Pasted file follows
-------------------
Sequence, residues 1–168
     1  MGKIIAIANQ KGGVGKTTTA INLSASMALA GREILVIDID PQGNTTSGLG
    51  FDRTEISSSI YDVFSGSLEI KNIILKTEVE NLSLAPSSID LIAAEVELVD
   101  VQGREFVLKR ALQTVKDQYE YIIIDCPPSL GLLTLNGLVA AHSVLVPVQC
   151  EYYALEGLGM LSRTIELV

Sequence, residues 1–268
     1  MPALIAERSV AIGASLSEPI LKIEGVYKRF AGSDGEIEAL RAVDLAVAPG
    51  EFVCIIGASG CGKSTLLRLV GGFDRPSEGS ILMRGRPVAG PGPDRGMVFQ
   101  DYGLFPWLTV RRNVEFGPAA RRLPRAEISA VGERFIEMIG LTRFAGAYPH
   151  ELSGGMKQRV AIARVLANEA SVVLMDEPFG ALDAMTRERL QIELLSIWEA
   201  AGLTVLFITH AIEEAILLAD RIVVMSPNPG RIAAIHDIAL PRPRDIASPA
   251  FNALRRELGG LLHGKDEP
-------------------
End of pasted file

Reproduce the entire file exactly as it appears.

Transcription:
Sequence, residues 1–168
     1  MGKIIAIANQ KGGVGKTTTA INLSASMALA GREILVIDID PQGNTTSGLG
    51  FDRTEISSSI YDVFSGSLEI KNIILKTEVE NLSLAPSSID LIAAEVELVD
   101  VQGREFVLKR ALQTVKDQYE YIIIDCPPSL GLLTLNGLVA AHSVLVPVQC
   151  EYYALEGLGM LSRTIELV

Sequence, residues 1–268
     1  MPALIAERSV AIGASLSEPI LKIEGVYKRF AGSDGEIEAL RAVDLAVAPG
    51  EFVCIIGASG CGKSTLLRLV GGFDRPSEGS ILMRGRPVAG PGPDRGMVFQ
   101  DYGLFPWLTV RRNVEFGPAA RRLPRAEISA VGERFIEMIG LTRFAGAYPH
   151  ELSGGMKQRV AIARVLANEA SVVLMDEPFG ALDAMTRERL QIELLSIWEA
   201  AGLTVLFITH AIEEAILLAD RIVVMSPNPG RIAAIHDIAL PRPRDIASPA
   251  FNALRRELGG LLHGKDEP